stress tests

Dodd-Frank didn’t build stress testing for coronavirus


Requiring banks to test themselves is likely to be a waste of time in the current crisis, says a former Senate Banking counsel.


Fed plowing ahead with stress tests. But should it?


Many argue the economic turmoil from the pandemic makes the Comprehensive Capital Analysis and Review irrelevant this year, while others say testing banks’ capital strength is crucial now more than ever.


Bank CRE losses expected to spike; digital payments boom


Losses on commercial real estate aren’t expected to be as bad as the 2008 crisis; as more cities announce shutdowns, consumers turn to online payments.


Fed to suspend exams for banks under $100B


The central bank will prioritize monitoring and outreach while reducing examination activity due to the coronavirus pandemic until at least the end of April.


Banks wrestle with coronavirus challenges; Swedbank’s AML fine


Some banks have closed branches or restricted access and bank tech resources are being overwhelmed; bank pays a record SKr4 billion ($400 million) for issues.


Banks eager for Fed stress test to prove they can weather virus


The biggest U.S. banks are once again preparing to show how they'll be able to withstand a severe economic shock in a hypothetical doomsday scenario, and they're eager to get on with it as a real one unfolds.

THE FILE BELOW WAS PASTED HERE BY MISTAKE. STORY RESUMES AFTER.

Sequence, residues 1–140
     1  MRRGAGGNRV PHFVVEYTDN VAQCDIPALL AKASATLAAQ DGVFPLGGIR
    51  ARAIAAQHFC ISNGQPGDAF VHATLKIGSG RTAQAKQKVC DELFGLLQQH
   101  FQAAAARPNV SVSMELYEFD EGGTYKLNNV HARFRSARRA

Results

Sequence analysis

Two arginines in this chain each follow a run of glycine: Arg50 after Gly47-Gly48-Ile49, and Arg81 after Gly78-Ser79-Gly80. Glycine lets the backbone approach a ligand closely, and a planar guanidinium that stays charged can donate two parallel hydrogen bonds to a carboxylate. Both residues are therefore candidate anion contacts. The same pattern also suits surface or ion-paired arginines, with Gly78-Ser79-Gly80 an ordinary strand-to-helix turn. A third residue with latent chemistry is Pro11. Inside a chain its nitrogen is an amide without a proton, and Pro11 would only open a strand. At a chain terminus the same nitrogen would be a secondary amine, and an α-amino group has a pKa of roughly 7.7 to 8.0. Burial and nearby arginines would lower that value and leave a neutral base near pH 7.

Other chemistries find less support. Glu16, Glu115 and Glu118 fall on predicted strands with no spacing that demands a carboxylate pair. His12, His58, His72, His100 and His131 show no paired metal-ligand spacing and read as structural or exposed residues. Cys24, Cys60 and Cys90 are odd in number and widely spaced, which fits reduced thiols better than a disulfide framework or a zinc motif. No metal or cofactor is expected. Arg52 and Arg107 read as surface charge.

Banks deal with coronavirus; Fed finalizes bank capital rules


Banks make emergency preparations as HSBC deals with confirmed case; the changes simplify regulations without posing additional systemic risks, the Fed says.


Fed finalizes new capital buffer ahead of 2020 stress tests


The rule establishes a measure of capital adequacy meant to simplify how banks are assessed in the Comprehensive Capital Analysis and Review program.


Morgan Stanley CFO: E-Trade deal to aid 2021 stress test


E-Trade could add about 30 basis points to a key capital ratio once the deal closes, Jonathan Pruzan says.


Leveraged loans take center stage in upcoming stress tests


Regulators are alarmed about banks' rising exposure to high-risk corporate credits and want more data on how they would perform in a recession.